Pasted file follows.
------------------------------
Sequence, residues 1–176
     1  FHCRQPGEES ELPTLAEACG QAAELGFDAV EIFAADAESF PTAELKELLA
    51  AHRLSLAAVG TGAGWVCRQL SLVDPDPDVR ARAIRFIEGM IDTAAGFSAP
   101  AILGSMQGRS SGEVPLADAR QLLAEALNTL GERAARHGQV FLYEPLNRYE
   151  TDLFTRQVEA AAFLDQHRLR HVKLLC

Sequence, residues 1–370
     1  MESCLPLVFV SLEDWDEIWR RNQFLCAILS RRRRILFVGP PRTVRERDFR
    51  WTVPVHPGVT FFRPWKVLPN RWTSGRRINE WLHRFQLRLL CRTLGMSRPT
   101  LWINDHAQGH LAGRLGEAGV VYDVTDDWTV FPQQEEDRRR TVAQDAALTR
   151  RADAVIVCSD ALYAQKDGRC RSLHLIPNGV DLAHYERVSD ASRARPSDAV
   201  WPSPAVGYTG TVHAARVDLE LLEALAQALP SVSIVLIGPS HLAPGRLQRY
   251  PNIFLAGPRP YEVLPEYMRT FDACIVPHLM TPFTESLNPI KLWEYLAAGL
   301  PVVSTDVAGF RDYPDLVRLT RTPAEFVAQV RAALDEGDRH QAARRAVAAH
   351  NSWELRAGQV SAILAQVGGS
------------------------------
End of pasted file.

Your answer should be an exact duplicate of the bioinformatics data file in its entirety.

Sequence, residues 1–176
     1  FHCRQPGEES ELPTLAEACG QAAELGFDAV EIFAADAESF PTAELKELLA
    51  AHRLSLAAVG TGAGWVCRQL SLVDPDPDVR ARAIRFIEGM IDTAAGFSAP
   101  AILGSMQGRS SGEVPLADAR QLLAEALNTL GERAARHGQV FLYEPLNRYE
   151  TDLFTRQVEA AAFLDQHRLR HVKLLC

Sequence, residues 1–370
     1  MESCLPLVFV SLEDWDEIWR RNQFLCAILS RRRRILFVGP PRTVRERDFR
    51  WTVPVHPGVT FFRPWKVLPN RWTSGRRINE WLHRFQLRLL CRTLGMSRPT
   101  LWINDHAQGH LAGRLGEAGV VYDVTDDWTV FPQQEEDRRR TVAQDAALTR
   151  RADAVIVCSD ALYAQKDGRC RSLHLIPNGV DLAHYERVSD ASRARPSDAV
   201  WPSPAVGYTG TVHAARVDLE LLEALAQALP SVSIVLIGPS HLAPGRLQRY
   251  PNIFLAGPRP YEVLPEYMRT FDACIVPHLM TPFTESLNPI KLWEYLAAGL
   301  PVVSTDVAGF RDYPDLVRLT RTPAEFVAQV RAALDEGDRH QAARRAVAAH
   351  NSWELRAGQV SAILAQVGGS